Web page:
1. What was the Anfal?
The Anfal (meaning the “the Spoils” in Arabic) was an eight-stage military campaign that resulted in the deliberate murder of at least 50,000 and possibly 100,000 Kurds. During the Anfal, Iraqi forces used chemical weapons on numerous occasions against the Kurds. The Anfal lasted from late February to early September 1988. The victims, including women, children and the elderly, were selected because they were Kurds who remained on their traditional lands in zones outside of areas controlled by Baghdad. Following its investigations in 1992-1993, Human Rights Watch categorized the Anfal as a genocide against part of the Iraqi Kurdish population in the north.
The Iraqi High Tribunal is trying six defendants who held key positions during the Anfal campaign. They are (listed by their positions at the time):
Ali Hassan al-Majid, secretary-general of the Northern Bureau of Iraq's Ba'ath Arab Socialist Party who was granted special powers over Northern Iraq equivalent to that of the president;
Sultan Hashem Ahmed, military commander of the campaign;
Sabir Abdul-Aziz al-Duri, director of military intelligence;
Hussein Rashid al-Tikriti, deputy of operations for the Iraqi forces;
Tahir Tawfiq al-Ani, governor of Mosul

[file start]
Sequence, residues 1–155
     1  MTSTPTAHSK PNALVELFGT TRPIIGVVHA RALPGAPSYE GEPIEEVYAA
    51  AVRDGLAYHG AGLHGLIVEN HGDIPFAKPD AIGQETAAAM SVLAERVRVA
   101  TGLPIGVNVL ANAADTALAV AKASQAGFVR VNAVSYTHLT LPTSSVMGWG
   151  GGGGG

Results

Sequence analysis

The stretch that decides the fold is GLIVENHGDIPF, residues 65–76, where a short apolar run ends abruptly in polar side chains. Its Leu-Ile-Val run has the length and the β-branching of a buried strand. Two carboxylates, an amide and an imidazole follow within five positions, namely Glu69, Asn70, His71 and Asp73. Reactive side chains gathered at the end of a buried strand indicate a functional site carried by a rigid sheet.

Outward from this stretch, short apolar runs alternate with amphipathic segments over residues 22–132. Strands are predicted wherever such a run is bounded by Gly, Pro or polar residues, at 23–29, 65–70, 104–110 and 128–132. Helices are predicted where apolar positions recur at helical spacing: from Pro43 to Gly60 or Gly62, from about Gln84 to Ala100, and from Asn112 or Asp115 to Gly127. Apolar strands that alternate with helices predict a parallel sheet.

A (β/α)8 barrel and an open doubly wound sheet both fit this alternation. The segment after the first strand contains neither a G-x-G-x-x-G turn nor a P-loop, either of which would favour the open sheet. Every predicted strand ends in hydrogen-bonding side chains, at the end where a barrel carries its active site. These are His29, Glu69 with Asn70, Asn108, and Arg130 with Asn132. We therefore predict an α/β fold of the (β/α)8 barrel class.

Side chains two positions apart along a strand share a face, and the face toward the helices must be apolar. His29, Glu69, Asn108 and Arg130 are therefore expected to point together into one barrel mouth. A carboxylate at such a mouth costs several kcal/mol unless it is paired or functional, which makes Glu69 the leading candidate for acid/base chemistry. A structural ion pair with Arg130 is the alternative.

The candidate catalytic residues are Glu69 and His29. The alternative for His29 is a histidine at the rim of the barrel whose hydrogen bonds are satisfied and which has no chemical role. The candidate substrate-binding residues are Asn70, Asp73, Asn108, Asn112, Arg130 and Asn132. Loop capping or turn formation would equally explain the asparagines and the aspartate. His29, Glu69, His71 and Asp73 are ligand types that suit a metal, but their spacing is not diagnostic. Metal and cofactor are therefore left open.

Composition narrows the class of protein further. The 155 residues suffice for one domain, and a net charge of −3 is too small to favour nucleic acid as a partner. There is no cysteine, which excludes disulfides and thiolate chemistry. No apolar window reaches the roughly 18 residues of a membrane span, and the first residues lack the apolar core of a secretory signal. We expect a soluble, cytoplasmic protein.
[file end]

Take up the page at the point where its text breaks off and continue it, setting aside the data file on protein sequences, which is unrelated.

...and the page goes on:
Farhan Mutlak al-Jubouri, head of military intelligence in Northern Iraq.
Charges against Saddam Hussein were dropped after his execution on December 30, 2006.
All six defendants are charged with genocide, war crimes and crimes against humanity. Charges include willful killing, enslavement, and imprisonment or other severe deprivation of physical liberty as crimes against humanity. War crimes charges include intentionally directing attacks against the civilian population; intentionally directing attacks against cultural, religious, medical, educational, or other buildings not used for military purposes; and the destruction or seizure of property not imperatively demanded by the necessities of the conflict.
3. What is the significance of the Anfal trial?
Unlike the recently-concluded Dujail trial, which concerned horrific killings in one village, the crimes of the Anfal were massive in scale. Although nominally a conflict with Kurdish militia, known as pershmerga, the Anfal involved mass executions and disappearances of tens of thousands of ordinary Kurdish citizens - men, women and children. Government forces used chemical weapons and destroyed some 2,000 villages. Hundreds of thousands of villagers were forcibly displaced.